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Moving to the City Putting Village Life At Risk

by Alison Feemantle

Recent property news has highlighted regional anomalies in the current housing market. Figures released last week indicate that while demand for new properties grew in London by around 0.4%, elsewhere in the country there were some notable slumps.

That contrast is highlighted again today with news that more and more buyers are moving away from the villages and back to the towns and cities as recession starts to take hold. As a result, property experts suggest that a depressed market in rural areas is the only logical conclusion.

The public transport network has historically allowed commuters to enjoy a more idyllic life in the outlying villages. Some of these commuters are occasionally featured on regional TV taking a long trip from the North of England into the capital.

However, that trend seems to be disappearing as Estate Agents Smiths Gore suggest,

“In Yorkshire, buyers are keen to avoid the lengthy commute into the cities and are moving from the outlying villages back into towns,” said Smiths Gore’s Andrew Turner.

That lengthy commute is an obvious reason for this shift. Higher train fares and increasing petrol prices make a longer journey into work far less attractive. There is however another issue here and it may surprise many to hear of its contribution to this pattern.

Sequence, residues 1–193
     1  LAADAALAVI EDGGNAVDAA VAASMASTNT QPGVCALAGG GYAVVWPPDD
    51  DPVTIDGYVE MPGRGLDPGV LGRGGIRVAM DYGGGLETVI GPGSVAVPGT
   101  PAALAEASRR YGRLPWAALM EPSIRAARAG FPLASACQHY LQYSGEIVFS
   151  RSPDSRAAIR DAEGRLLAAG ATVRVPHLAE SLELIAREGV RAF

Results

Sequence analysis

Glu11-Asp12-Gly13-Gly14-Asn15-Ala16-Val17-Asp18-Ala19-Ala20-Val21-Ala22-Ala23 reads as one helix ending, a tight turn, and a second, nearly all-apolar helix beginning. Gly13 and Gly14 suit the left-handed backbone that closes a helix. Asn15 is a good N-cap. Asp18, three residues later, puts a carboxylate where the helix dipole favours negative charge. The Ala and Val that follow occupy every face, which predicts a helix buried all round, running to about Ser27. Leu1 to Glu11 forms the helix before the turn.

We were all led to believe that so-called teleworking was the future: With a telephone and an internet connection to hand, workers across the country were moving away from the daily commute and setting up a home office to liaise directly with their employers.

Occasional visits to the main office would have been necessary but on the whole, teleworking was the way forward for many firms. Once again however, Smiths Gore are suggesting that the trend is quickly being reversed.

“There has been a real push from employers to get people back into the office,” said Fin Hughes of Smiths Gore’s Andover branch. “They feel that offering the luxury of working from home is no longer financially viable. They need to feel that they’re getting real value from their employees.”

With the teleworking option taken away from those living in remote villages, the only sensible option from a financial point of view is to move to towns and cities with better transport links.

Overall, experts suggest that this is just beginning and the disparity between the rural and suburban housing markets is set to increase dramatically in the coming months and years.

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